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Robotics Camp Gives Syracuse Students a Chance at National Competition

Christian Bersani/WAER News

Middle and high school students in the Syracuse City School District are taking time during their summer break to learn what could be a high-tech job skill. Starting from scratch, students combined metal with gears, motors, chains, batteries and remote control signals to produce mobile contraptions during a two-week robotics camp.

Friday students showed off their creations at Nottingham High School and competed in a local S.C.S.D. Regional Robotics Championship for the chance to advance to the world competition. Nottingham rising senior Justus Lacey is a former world championship competitor from last year.  He says the camp provides a hands on experience for all students who wish to step up to the mechanical challenge.

“Basically we start out from scratch with metal and then we have various parts of gears, motors, the brains and stuff like that and we just have to build robots , complete the task we’re given.  Each year is different.  Last year we had sacks we had to move all across the field and get them in different places to get different points.  This year we have balls, we pretty much have to move them again, but there’s different obstacles this year.”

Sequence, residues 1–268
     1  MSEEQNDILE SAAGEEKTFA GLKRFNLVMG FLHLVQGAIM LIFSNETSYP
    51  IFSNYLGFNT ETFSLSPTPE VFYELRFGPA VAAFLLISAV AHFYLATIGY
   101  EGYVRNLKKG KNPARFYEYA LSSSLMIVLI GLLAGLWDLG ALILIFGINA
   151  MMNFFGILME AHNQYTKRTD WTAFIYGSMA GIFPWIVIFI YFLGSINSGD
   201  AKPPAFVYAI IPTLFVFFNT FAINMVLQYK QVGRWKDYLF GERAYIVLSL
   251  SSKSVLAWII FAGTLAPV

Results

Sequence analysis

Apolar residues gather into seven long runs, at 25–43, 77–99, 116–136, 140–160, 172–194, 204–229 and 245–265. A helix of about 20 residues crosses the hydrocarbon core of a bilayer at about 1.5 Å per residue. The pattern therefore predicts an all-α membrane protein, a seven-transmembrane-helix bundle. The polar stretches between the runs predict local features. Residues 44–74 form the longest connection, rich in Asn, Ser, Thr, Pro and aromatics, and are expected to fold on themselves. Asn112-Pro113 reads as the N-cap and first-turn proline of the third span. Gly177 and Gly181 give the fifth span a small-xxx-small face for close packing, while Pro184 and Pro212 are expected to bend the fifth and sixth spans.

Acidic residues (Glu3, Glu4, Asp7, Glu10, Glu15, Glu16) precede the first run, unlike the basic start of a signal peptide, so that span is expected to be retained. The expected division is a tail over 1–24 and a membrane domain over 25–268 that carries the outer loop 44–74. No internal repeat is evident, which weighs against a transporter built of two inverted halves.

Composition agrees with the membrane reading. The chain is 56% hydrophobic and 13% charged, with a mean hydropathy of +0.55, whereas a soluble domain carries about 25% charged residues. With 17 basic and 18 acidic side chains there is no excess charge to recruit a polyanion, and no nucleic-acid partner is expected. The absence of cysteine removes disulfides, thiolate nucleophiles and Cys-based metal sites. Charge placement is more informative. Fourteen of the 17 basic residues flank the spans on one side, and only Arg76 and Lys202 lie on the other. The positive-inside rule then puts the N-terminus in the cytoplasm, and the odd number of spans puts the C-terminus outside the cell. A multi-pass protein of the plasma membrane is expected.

While Lacey is undecided about pursuing robotics professionally, he says building his robots have educated him on both computer coding and the engineering process.


On the other hand, Corcoran rising junior Malik Warden is more certain that robotics is in his future.

Credit Christian Bersani/WAER News
Middle and High School students worked on robots in a summer program

“I can see myself working robotics.  I most definitely find this fun; it’s a great thing to do.  I love building anything pretty much and I plan on, when I get into college, major in mechanical engineering so this is a great experience for me.”

The camp was sponsored by grants from the Syracuse Educational Foundation and Lockheed Martin through Project Lead the Way. The school district has now expanded the robotics program into every middle school.

Chris Bolt, Ed.D. has proudly been covering the Central New York community and mentoring students for more than 30 years. His career in public media started as a student volunteer, then as a reporter/producer. He has been the news director for WAER since 1995. Dedicated to keeping local news coverage alive, Chris also has a passion for education, having trained, mentored and provided a platform for growth to more than a thousand students. Career highlights include having work appear on NPR, CBS, ABC and other news networks, winning numerous local and state journalism awards.